If you are worried about your children’s financial prospects, get in line.
Just 1 in 8 Americans believe the next generation will be more financially secure than they are, and only 1 in 5 think they will have a better quality of life, according to a new survey commissioned by Haven Life, an online term insurance provider. A small majority also expect the next generation to have less disposable income. (Tweet this)
“There are certain economic realities that a lot of parents are facing in terms of difficulty making ends meet and struggling with their own financial challenges,” said Yaron Ben-Zvi, co–founder and CEO of Haven Life, which is owned by MassMutual. “A lot of it is taking their own experience and projecting it forward and thinking their kids are going to be struggling with some of the same issues.”
The online survey of 1,124 adults was conducted during the first quarter of 2015.
The respondents have reason to be pessimistic. Census Bureau data show that median earnings for workers ages 18 to 34 rose between 1980 and 2000 to a high of $37,355, but for the period 2009-2013, they dropped to $33,883. (Tweet this) The figures were in 2013 dollars.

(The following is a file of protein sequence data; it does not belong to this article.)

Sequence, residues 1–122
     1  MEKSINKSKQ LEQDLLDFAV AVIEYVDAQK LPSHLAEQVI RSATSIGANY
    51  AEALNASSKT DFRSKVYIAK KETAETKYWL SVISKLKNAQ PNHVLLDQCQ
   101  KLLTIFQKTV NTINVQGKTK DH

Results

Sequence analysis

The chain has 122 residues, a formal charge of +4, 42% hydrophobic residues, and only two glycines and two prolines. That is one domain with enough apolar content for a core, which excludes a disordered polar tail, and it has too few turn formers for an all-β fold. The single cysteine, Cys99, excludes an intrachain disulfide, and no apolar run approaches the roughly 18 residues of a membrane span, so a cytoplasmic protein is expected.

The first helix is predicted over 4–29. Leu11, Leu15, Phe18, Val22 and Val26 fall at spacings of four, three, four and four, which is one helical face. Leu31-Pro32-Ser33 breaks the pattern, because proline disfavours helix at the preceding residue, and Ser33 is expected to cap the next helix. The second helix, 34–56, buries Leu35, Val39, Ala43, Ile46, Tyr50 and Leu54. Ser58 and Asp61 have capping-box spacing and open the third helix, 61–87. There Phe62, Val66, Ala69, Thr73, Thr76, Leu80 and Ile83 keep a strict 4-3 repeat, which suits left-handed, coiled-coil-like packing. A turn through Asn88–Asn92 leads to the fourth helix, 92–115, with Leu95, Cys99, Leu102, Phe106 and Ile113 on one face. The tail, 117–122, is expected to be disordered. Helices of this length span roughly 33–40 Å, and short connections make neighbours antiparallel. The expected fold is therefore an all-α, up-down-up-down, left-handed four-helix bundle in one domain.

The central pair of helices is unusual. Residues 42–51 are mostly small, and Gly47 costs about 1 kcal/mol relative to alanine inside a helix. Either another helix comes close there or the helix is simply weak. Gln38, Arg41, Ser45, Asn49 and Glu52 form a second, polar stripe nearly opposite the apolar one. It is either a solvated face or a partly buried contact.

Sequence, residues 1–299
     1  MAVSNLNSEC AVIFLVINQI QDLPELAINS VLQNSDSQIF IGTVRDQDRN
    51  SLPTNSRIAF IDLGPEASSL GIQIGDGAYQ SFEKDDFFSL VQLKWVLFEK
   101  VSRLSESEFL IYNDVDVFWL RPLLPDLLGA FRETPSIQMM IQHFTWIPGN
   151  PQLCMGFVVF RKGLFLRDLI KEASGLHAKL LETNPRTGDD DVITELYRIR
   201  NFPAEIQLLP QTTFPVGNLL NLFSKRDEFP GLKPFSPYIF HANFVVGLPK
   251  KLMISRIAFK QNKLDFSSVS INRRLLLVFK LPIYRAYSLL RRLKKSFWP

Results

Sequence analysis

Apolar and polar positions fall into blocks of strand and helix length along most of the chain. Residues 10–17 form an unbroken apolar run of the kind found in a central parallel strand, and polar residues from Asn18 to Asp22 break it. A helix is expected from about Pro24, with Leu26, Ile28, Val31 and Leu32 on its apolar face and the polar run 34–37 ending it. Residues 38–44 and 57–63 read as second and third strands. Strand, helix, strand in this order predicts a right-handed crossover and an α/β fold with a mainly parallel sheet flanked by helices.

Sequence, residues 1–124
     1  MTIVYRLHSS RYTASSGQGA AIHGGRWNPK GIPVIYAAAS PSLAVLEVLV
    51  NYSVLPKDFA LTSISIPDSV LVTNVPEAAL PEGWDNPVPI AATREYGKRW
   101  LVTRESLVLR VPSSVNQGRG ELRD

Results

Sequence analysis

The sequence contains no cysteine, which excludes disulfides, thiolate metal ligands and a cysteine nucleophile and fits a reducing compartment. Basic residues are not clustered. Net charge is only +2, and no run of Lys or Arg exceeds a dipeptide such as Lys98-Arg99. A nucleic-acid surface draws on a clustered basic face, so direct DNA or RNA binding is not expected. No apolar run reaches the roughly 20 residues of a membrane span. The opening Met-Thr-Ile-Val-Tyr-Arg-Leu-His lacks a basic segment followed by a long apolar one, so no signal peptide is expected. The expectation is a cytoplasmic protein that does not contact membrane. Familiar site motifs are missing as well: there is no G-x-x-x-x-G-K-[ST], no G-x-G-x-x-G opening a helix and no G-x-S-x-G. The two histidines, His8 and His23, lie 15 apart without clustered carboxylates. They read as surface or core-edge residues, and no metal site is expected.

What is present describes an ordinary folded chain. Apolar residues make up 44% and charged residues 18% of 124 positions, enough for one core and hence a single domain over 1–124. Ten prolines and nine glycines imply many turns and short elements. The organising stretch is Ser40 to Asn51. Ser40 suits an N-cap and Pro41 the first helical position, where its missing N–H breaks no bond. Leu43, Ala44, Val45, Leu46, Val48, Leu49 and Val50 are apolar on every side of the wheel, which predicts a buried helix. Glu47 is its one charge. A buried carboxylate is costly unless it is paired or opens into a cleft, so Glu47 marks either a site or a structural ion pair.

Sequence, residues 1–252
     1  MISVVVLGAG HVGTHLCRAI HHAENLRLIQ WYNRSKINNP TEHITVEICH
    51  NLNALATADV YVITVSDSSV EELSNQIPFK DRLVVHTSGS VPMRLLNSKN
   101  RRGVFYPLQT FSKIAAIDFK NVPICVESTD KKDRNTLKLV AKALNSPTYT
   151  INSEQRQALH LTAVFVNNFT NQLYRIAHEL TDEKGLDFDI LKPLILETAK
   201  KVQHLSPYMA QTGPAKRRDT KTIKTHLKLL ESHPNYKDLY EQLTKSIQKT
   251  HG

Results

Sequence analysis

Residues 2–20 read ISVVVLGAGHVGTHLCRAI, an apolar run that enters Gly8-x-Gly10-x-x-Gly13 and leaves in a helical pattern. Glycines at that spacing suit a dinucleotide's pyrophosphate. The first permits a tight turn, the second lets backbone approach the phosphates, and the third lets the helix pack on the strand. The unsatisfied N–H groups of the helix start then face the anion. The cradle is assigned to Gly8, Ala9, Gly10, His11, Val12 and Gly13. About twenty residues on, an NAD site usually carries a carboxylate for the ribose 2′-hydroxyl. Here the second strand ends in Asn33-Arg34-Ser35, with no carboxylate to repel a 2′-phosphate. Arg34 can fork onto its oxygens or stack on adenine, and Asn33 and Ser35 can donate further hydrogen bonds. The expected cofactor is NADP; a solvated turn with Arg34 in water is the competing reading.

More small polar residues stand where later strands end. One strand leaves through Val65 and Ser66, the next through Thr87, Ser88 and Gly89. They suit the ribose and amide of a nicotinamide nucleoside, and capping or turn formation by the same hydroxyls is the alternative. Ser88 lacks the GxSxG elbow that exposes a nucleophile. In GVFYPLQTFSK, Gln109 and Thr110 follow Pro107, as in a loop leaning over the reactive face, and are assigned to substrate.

Rising levels of student debt are also weighing on the next generation. Between 2000-2001 and 2012-2013, the average amount of a student loan for any kind of postsecondary institution increased 39 percent in 2012-2013 dollars, to $7,000, according to the National Center for Education Statistics.
If money is no object, though, the survey respondents are more optimistic. Some 66 percent expect the next generation to be at least as healthy as they are, and to have healthier habits. Half of the respondents expect the next generation to be more environmentally conscious and lead a greener lifestyle.
A slim majority also expects the next generation to be more ethnically and racially diverse—a reasonable assumption if current trends in Census Bureau data hold true. The bureau calculated that 44.2 percent of millennials, whom they define as being born between 1982 and 2000, are part of a minority race or ethnic group. (Younger cohorts are even more diverse: in 2014, 50.2 of Americans under age 5 were part of a racial or ethnic minority.)
With millennials now the largest generation—the Census Bureau counts 83.1 million millennials, compared with 75.4 million boomers—the impact of their financial situation will likely ripple through the economy.
Ben-Zvi sees millennials having financial goals similar to their parents’, like wanting to own a home and start a family. “Their goals, to my mind, don’t really shift” from what their parents wanted, he said. The implication of the survey, he added, “is probably that they may do these things later, and that will probably trickle down to other financial goals in their lives.”